To get their brands being offered as the default formula milk in maternity rooms for a longer period, manufacturers have been paying for hospitals’ dinner-and-dance functions, or sponsoring the running of their shuttle buses.
Some go further, giving hospitals outright monetary contributions in periodic lump sums.
This first-mover advantage is key, given that many parents do not switch brands after their babies have got used to them.
An inquiry report by the Competition Commission of Singapore (CCS) released yesterday said such deals have been on the rise, possibly reflecting hospitals’ increasing needs and the importance of the hospital channel to the manufacturers as a form of marketing and brand outreach.
The formula milk manufacturers also sponsor activities at public hospitals, but this does not influence their milk rotation schedule, said the CCS.
According to the hospitals it contacted, such payments and “in kind” monetary sponsorships by manufacturers help reduce the cost of running such activities, and defray the cost of nursing education and training.
Manufacturers sponsor a range of activities targeted at parents and parents-to-be, as well as hospital staff. They also underwrite hospital activities such as the printing of maternity brochures, as well as corporate dinner-and-dance events.
Some manufacturers also give sums of money, computed by how long they want their brands to be on rotation. If they give, for instance, twice as much as the standard fee, their brands can be on rotation for twice as long.
There are seven private hospitals in Singapore offering maternity services. Two responded to queries last night.
A Thomson Medical spokesman said brands are rotated on a monthly basis, and all suppliers contribute the same sum to be included in the rotation. He added: “We work with each milk company to a different extent, depending on how they can contribute towards our objectives of education and preparing parents for parenthood.”
The companies do not sponsor the supply of baby milk formula to the hospital.
Thomson Medical is actively moving towards Baby-friendly Hospital Initiative certification, he said, with a 96 per cent breastfeeding rate at the time of discharge. For those who cannot breastfeed, they have access to all major brands of milk. Only when mothers do not have a preference are they given the default formula.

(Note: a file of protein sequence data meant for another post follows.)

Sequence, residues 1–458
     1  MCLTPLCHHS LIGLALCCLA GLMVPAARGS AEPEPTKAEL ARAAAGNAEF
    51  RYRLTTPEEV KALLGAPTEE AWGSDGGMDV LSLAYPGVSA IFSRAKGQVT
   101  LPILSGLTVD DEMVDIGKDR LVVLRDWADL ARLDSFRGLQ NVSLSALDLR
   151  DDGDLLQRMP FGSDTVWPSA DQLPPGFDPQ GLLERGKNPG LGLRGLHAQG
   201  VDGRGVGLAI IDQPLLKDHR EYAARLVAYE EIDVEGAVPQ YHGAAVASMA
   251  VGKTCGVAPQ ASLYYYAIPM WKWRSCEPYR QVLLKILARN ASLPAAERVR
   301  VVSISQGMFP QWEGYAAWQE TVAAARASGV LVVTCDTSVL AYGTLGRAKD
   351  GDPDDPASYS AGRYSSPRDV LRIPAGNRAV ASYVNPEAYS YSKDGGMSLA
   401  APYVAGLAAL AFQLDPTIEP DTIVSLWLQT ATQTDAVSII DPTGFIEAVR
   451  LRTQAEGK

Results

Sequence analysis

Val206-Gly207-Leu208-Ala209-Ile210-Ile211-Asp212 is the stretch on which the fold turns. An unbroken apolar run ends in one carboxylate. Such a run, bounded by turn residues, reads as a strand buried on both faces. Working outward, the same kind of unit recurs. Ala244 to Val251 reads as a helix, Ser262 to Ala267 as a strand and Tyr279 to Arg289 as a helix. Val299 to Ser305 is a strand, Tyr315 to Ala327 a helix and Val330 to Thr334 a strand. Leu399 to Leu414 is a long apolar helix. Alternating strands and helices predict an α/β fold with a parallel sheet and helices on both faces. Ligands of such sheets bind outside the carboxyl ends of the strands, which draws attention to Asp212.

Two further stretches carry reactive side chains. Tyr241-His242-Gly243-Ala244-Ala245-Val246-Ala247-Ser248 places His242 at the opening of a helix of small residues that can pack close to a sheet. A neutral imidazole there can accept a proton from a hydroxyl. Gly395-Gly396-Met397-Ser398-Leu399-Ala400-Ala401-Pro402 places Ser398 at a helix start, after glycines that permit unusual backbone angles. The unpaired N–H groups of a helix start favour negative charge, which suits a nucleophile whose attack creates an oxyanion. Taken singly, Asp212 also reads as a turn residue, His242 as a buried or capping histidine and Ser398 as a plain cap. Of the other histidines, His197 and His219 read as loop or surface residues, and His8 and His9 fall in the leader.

Mount Alvernia Hospital also said it does not accept milk powder sponsorship from manufacturers, and that it accepts sponsorship from formula milk manufacturers only if they are related to expanding patients’ knowledge in baby care and nutrition. It did not say whether it receives rotation fees.
Public hospitals that offer maternity services – KK Women’s and Children’s Hospital (KKH), National University Hospital and Singapore General Hospital – are prohibited from entering into such arrangements.
They have a rotation system that ensures an equal duration for different manufacturers.
Singapore Management University associate professor of marketing Hannah Chang said this strategy would get brands known to parents.
“Rather than err on the side of caution, consumers go for well-known brands they are familiar with.
“Hospitals are perceived as trusted experts in the domain, hence mothers tend to stick to the brands that hospitals use,” she said.
The CCS recommended a review on the sponsorships and payments that formula milk manufacturers provide, and their impact on the milk rotation programmes in the hospitals.
The Ministry of Health said in a media release that it accepted the recommendation and will work with industry players to make available more affordable infant formula brands for use in hospitals.
Dr Chua Mei Chien, KKH’s head and senior consultant of the department of neonatology, said: “We welcome the latest announcement from the Ministry of Health about making available more affordable infant formula milk in the ready-to-feed form suitable for use in the hospital, as it will encourage more infant formula companies to participate in our hospital’s milk rotation programme.”
(Photo: The Straits Times)